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iPark and ICBC in bed together?

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Re: ipark and icbc in bed together?

Postby my5cents » Dec 7th, 2012, 5:36 pm

Bsuds wrote:Wouldn't surprise me if they were paying ICBC for the information.

I'm sure they are.
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Re: ipark and icbc in bed together?

Postby LongHaul » Dec 9th, 2012, 11:29 pm

Dec 7 wsooperphreek wrote:

ipark and icbc in bed together?
this is a disturbing thought.
http://news.ca.msn.com/local/britishcolumbia/bad-parking-ticket-issued-with-icbcs-help

This links to a CBC article which starts as :
“CBC B.C.
Bad parking ticket issued with ICBC's help
A southeastern B.C. man says the Insurance Corporation of B.C. is carelessly giving dated information to parking lot companies to help them issue parking-fine tickets to car owners.”

Interesting as last May I received a “Past Due Notice” in the mail from DPS for one of their parking lots in Surrey.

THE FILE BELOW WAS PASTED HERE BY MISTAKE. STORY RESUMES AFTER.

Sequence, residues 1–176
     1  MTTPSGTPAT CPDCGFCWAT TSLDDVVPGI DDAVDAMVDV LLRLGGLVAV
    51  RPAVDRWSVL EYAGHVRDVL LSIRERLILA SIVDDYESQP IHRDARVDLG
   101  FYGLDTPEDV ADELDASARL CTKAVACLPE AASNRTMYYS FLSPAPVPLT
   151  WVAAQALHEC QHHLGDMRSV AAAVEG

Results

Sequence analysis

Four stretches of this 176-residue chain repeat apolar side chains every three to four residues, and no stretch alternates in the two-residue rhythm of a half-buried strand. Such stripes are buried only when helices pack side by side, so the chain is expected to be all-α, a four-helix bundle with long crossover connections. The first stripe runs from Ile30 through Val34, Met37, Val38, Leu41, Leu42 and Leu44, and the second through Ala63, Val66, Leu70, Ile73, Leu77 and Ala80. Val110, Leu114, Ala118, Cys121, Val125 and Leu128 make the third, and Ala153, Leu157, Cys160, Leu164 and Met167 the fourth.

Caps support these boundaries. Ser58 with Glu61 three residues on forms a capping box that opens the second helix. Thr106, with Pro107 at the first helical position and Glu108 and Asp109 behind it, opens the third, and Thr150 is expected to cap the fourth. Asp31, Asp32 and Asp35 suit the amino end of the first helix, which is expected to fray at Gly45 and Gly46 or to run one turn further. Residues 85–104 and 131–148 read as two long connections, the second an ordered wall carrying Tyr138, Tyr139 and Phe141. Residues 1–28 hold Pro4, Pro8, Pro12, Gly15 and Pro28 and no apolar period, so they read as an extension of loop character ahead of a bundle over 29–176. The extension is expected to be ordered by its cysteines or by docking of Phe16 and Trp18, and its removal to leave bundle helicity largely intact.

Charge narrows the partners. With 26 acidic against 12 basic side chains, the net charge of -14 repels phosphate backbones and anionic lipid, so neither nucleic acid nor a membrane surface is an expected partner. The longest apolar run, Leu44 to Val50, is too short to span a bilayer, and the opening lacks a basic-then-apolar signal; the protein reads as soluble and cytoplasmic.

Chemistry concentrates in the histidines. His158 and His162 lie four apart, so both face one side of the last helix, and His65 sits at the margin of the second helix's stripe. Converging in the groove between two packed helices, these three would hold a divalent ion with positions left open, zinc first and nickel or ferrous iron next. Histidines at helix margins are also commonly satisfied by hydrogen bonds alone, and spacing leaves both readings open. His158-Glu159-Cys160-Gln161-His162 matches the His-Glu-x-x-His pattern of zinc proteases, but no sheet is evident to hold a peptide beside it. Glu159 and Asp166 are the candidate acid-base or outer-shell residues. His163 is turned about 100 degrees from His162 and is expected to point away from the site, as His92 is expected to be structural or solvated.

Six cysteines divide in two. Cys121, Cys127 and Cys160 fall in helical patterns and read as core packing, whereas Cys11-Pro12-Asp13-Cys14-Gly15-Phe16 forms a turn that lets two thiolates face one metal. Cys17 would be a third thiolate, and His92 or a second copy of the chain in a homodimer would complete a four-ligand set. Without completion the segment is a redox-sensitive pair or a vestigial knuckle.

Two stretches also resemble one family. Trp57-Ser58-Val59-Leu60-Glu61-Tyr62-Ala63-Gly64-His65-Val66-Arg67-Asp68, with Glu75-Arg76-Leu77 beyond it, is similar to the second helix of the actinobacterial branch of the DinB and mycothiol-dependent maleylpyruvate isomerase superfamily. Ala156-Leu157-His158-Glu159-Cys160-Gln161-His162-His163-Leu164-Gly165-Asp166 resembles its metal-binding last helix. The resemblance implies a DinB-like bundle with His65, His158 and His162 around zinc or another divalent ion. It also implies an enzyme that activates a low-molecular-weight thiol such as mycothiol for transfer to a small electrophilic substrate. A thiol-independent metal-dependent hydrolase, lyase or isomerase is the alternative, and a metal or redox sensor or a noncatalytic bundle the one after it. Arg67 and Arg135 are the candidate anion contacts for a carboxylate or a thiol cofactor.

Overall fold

They demanded payment of $112 for failing to display a valid ticket.
The licence number on the notice was for my vehicle. However I haven't been to Surrey in years. The address where the violation supposedly occurred was 13277-108th av. Surrey. This appears to be near some municipal offices. Contacted DPS, informed them hadn't been to Surrey in years and as I was taking people to appointments the day of the violation had witnesses who could testify where my vehicle was. DPS was very cooperative, apologized and cancelled the ticket.

Wondered how they got my name and address. Didn't think ICBC would be the source as was sure they did not disclose private information except for law enforcement. The CBC article posted by sooperphreek may have answered the question which I find very disturbing. If this article is correct it would mean information collected by ICBC is being made available to parking lot owners for a fee.